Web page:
Comparison of different language learning systems
By Joyce T. B.
My family and I all needed to learn enough German to live in a German-speaking country. So I've just finished several months of looking through a variety of online systems for learning German, besides watching my children use other systems: Rosetta Stone, Pimsleur, Mango Languages, Deutsche Welle, Duolingo, Anki, and Memrise. After all that, I came to the conclusion that German-Flashcards was actually going to be the best use of my time and money.
Rosetta Stone is probably the best-known of the systems, and the usual pros and cons have been discussed endlessly. It's great at getting people using the language and saying useful things, but even with the writing-intensive version turned on, it doesn't provide enough analysis for people who want to understand why they're saying what they're saying. It also assumes that the user doesn't mind staring at a computer screen for long stretches at a time and deciphering visual scenes. For me, this doesn't work well. It's also expensive (hundreds of dollars).
Pimsleur is not online, but it too is a well-known and expensive system (even more expensive than Rosetta Stone). It does well allowing you learn on the go, but vocabulary is limited, analysis is limited, and much of the course is unsuitable for minors ("Would you like to come to my house and have a whiskey?") It's sometimes hard to hear the endings clearly, so that handicaps the grammar learning. Buying the whole series would have cost over $1000 list price. I had bought 3 of 5 levels, used, at a price I have never seen since. So I've learned just over half the material available, but there is no way I would be able to continue, especially since the public library has stopped carrying it.
Mango Languages is the new pick of the public libraries, due to its multiple-user licensing. It does alright for beginners, but it doesn't get a user to a fluent level. Its interface is a bit annoying, and I'm not totally convinced that it has a good implementation of spaced repetition.
Deutsche Welle offers free online courses aligned to the European Common Language Framework. That's a plus, but it only presents fixed lessons and exercises, and doesn't used spaced repetition at all, so retention is relatively low. It is also very finicky about typing, so you need to do things like type the right number of spaces between words.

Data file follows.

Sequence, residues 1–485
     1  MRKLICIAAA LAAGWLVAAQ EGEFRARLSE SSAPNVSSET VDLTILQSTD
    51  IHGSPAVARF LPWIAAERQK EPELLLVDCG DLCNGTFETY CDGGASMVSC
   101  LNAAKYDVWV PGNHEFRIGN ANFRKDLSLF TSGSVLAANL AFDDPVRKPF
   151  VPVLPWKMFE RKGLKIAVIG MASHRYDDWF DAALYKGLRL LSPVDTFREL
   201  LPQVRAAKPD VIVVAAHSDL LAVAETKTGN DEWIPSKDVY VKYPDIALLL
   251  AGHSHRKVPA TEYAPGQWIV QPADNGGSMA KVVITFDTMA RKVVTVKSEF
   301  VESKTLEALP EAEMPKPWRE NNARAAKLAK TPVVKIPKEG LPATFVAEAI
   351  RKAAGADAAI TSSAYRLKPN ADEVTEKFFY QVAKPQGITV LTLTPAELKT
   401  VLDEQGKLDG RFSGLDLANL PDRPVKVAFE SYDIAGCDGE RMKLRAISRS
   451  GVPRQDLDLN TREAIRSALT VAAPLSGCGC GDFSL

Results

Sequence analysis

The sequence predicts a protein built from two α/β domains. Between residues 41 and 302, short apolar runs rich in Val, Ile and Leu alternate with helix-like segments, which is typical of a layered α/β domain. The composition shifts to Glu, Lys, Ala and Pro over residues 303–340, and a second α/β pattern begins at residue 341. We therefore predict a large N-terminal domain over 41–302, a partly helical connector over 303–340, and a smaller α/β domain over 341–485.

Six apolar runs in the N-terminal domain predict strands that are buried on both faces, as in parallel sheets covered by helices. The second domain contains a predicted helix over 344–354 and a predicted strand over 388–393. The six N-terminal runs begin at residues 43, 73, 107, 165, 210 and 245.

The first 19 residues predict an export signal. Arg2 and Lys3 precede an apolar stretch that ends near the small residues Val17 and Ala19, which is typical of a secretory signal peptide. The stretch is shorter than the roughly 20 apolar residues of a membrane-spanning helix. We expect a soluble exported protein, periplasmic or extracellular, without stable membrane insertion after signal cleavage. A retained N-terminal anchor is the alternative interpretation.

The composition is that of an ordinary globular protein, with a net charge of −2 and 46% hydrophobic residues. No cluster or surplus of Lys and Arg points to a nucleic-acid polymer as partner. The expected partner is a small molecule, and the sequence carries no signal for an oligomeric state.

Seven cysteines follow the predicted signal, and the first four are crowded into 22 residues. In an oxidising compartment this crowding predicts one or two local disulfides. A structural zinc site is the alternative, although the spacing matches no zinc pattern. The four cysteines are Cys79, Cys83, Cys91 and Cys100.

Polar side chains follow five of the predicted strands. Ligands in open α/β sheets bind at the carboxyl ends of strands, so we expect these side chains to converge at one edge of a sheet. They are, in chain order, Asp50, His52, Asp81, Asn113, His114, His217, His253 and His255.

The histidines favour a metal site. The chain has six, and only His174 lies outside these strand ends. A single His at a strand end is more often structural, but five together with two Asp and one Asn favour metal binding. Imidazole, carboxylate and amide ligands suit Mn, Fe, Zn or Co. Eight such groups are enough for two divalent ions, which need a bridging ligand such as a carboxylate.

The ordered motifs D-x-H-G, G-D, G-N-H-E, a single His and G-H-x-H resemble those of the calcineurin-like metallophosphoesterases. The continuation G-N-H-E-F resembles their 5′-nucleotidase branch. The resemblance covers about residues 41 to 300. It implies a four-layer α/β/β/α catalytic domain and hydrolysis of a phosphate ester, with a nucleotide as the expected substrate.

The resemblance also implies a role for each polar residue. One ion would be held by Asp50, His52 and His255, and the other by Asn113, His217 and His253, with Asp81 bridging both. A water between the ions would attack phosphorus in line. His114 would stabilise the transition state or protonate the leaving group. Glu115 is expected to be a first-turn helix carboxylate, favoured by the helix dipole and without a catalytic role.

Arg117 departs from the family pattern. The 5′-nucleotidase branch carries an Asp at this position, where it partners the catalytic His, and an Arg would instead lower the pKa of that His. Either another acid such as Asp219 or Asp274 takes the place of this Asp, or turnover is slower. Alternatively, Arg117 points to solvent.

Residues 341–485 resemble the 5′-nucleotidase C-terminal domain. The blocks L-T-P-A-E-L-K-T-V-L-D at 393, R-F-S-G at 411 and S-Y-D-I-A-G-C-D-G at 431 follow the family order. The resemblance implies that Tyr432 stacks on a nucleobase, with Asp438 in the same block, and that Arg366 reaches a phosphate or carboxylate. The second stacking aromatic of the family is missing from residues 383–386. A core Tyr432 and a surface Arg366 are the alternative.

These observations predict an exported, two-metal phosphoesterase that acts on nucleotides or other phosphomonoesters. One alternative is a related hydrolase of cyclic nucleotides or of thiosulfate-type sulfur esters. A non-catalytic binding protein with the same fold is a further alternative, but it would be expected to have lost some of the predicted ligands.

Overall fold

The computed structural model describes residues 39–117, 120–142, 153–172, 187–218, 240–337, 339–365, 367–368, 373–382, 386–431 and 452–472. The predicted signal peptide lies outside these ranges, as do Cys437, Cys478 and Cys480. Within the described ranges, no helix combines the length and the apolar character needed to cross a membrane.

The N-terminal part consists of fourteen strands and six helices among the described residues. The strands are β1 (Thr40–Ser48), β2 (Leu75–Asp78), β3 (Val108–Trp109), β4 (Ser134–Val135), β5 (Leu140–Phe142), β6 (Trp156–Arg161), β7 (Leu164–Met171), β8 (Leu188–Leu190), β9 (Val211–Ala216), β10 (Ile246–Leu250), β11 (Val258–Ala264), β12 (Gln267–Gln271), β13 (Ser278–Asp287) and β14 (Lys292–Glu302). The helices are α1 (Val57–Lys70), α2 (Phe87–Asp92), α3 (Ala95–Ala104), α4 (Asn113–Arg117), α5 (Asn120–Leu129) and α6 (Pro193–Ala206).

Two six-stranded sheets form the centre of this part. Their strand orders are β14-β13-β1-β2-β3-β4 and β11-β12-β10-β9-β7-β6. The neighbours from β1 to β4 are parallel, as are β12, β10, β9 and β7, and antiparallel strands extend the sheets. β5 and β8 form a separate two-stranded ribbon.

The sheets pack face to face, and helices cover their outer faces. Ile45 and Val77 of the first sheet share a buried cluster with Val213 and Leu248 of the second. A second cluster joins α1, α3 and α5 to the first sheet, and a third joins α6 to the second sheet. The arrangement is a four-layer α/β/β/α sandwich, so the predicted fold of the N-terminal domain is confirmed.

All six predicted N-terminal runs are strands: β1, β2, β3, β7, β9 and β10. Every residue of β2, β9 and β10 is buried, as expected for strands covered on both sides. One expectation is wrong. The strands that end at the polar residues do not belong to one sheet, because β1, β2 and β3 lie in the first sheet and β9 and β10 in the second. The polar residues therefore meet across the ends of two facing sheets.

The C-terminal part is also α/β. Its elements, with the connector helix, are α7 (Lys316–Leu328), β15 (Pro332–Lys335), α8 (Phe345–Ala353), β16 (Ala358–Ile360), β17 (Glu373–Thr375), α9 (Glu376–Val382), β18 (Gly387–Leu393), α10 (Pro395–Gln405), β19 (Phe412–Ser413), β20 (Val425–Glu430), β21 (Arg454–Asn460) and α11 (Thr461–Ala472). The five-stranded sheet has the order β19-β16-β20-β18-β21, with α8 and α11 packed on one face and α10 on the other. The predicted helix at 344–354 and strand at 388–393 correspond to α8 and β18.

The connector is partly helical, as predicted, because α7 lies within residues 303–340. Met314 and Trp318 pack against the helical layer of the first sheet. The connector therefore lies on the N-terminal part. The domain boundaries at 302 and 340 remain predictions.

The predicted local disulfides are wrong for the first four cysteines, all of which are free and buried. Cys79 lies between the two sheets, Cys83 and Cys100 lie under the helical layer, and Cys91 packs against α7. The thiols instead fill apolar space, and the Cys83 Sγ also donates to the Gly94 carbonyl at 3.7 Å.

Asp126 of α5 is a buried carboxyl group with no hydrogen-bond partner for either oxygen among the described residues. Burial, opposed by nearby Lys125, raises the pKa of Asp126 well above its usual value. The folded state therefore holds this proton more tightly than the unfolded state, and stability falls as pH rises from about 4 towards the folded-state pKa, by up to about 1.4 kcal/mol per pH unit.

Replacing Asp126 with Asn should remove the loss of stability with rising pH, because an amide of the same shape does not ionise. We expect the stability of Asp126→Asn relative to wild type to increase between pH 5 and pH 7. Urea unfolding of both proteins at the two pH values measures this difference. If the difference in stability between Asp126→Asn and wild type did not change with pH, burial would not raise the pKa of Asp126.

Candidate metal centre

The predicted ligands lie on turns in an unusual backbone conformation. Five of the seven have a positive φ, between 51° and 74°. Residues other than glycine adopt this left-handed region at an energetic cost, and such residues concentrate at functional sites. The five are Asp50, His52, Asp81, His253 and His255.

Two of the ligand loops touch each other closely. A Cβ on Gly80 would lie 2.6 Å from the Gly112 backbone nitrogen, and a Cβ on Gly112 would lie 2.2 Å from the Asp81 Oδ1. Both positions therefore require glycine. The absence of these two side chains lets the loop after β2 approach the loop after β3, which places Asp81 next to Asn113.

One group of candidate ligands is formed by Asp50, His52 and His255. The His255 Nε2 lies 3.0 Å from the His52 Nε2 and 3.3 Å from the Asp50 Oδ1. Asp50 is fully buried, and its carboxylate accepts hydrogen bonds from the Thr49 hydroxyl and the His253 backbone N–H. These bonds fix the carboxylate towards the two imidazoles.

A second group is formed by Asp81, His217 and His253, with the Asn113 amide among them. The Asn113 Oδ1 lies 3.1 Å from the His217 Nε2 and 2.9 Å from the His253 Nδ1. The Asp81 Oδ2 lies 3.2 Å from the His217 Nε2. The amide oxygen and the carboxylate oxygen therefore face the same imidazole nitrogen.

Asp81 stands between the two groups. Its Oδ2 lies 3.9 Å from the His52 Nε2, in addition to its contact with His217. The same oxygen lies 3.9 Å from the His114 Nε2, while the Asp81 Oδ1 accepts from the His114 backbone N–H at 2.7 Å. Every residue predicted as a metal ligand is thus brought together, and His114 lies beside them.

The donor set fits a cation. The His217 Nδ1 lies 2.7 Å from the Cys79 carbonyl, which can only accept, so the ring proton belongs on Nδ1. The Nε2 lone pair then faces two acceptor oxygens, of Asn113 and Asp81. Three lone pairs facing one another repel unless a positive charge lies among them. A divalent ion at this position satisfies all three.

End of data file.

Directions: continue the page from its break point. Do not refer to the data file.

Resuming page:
Duolingo is the latest fad. Its developer gave a TED talk about it, and the business model is very clever, but the product is so far from mature that I am amazed that anyone keeps using it. The lessons are full of errors because no expert has vetted each item, since the items are automatically generated. The system is set up to collect people's comments and questions and host a discussion about the questionable translations, but I am only a learner discussing with other learners, so I have no confidence that what I am learning is actual correct German. Many or most of the "Discuss this item" discussions consisted of the blind leading the blind, and in fact I know enough German to know that some of the statements people made were just plain wrong.
GermanPod is worse than useless -- it comes with extraordinarily aggressive marketing, and it provides vocabulary lists with no information about the gender of nouns. That means they aren't thinking about what language learners need. The speech also sounded like it was recorded by non-native speakers.
Anki and Memrise are both primarily spaced repetition for vocabulary learning.
Anki is very powerful, but it is primarily set up for people who are ready to sit down and make their own pile of electronic flashcards. This requires that you know what you need to learn; unfortunately, knowing what to put into flashcards is a big part of the knowledge that I am missing. I don't know what vocabulary words should be higher or lower priority, which kinds of verbs I should learn first, what kind of info I need to include on each flashcard. Anki does have shared decks that others have made for their own individual purposes, but they're pretty much just a heap of words, and it's hard to know how to start.
Memrise avoids some of these problems by having created a friendly interface. I do like that it makes listening easy. But lots of its exercises don't provide much learning; the drills spend a lot of time on things that aren't challenging enough to be useful for learning. There is too much time spent on multiple choice questions between obvious options, so it wastes a lot of time.
So that leaves me with our friendly German Flashcards. It provides accurate translations, both word-by-word and meaningful idiomatic translations. It starts you off easy and gets harder as you are ready. It can easily be used on a smartphone or on a computer. It provides noun genders. It allows you to implement your own spaced repetition, which is actually handy. I was skeptical of that at first, but I've been won over as soon as I thought about all the times in the spaced repetitions systems when I got an answer right or wrong due to a typo, and then the item is assigned to come back to the top of the pile at the wrong time. The fact that German Flashcards allows people to choose their own repetition interval isn't a bug, then; it's a feature. The interface is easy and friendly. I wish it had an off-line version, but that's another whole project. The exercises / flashcard quizzing formats are well-designed. The pronunciation in the sound files is excellent and fluent, unlike many others. And, there's the possibility of adding notes in the the premium version. So, I'm itching to get the upgrade. Hopefully that will happen soon!